Prostate Cancer


What is Prostate Cancer?

Prostate cancer happens when the normal cells in the prostate gland change and grow to form a mass of cells called a tumour. These cancer cells can affect how the prostate works. Prostate cancer cells may not grow at all or else grow slowly during a man’s lifetime. Many men never develop problems or symptoms from their prostate cancer. In some, prostate cancer grows more quickly and needs treatment to prevent it spreading outside of the prostate gland. In most cases prostate cancer can be cured or kept under control.Prostate cancer most often occurs in men in their fifties and onwards. It can occur on rare occasions in men in their late forties. The risk of developing prostate cancer rises with age.

The Symptoms

Not everyone experiences symptoms of prostate cancer. Many times, signs of prostate cancer are first detected by a doctor during a routine check-up. Some men, however, will experience changes in urinary or sexual function that might indicate the presence of prostate cancer. These symptoms include:

A need to urinate frequently, especially at night
Difficulty starting urination or holding back urine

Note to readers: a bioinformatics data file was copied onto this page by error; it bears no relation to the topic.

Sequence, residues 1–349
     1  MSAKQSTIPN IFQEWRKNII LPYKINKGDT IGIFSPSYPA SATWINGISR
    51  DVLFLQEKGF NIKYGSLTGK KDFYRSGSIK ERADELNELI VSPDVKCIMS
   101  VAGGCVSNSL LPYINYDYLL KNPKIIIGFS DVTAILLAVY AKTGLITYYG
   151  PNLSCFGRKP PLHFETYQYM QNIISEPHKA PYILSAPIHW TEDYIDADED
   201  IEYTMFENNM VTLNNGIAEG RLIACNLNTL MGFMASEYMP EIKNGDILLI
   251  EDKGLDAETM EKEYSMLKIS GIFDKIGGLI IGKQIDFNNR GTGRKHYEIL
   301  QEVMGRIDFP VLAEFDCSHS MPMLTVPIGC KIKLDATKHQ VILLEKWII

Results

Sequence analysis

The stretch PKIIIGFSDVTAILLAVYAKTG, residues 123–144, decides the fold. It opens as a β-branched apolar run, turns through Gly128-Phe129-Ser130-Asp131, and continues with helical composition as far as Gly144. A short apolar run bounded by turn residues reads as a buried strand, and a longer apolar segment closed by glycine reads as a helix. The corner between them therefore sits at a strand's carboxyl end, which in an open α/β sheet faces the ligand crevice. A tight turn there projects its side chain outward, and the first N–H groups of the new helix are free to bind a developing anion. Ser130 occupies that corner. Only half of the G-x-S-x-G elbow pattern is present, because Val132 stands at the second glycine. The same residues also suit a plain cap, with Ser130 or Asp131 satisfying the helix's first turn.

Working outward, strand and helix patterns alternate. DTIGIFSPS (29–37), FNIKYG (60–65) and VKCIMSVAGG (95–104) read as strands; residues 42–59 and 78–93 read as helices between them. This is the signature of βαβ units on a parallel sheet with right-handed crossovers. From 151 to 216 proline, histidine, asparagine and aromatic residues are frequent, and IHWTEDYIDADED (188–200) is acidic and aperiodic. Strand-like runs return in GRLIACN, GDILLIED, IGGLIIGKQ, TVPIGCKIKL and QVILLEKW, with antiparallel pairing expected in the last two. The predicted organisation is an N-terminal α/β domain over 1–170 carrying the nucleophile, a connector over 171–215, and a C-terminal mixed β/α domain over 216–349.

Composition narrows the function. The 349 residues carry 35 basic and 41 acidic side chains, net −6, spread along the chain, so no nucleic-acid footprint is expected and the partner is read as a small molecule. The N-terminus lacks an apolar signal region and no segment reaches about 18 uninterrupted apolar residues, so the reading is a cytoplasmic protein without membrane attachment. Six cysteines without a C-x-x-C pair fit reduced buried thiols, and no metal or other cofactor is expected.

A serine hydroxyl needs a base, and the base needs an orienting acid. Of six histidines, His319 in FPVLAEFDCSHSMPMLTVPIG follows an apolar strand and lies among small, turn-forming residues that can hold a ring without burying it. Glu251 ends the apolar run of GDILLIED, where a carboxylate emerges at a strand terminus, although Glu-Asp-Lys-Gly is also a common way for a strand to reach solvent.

Weak or interrupted flow of urine
Painful or burning urination
Difficulty in having an erection
Painful ejaculation
Blood in urine or semen
Frequent pain or stiffness in the lower back, hips, or upper thighs

How is Prostate Cancer diagnosed?

Men who have urinary symptoms will usually begin by seeing their GP. The first tests for assessing the prostate gland are the PSA blood test and a digital rectal examination (DRE). Your GP will also examine you and ask you about your general health, your symptoms and any family history of prostate cancer. You may also have these tests when you have no symptoms, as part of prostate cancer screening.

The Facts


if you are concerned about prostate cancer, call the Cancer Nurseline on Freefone 1800 200 700  and speak to one of the cancer nurses for confidential advice, support and information or alternatively make an appointment with your GP.

For more information please visit the Irish Cancer Society

Call into us with any queries or concerns. Awareness can save lives!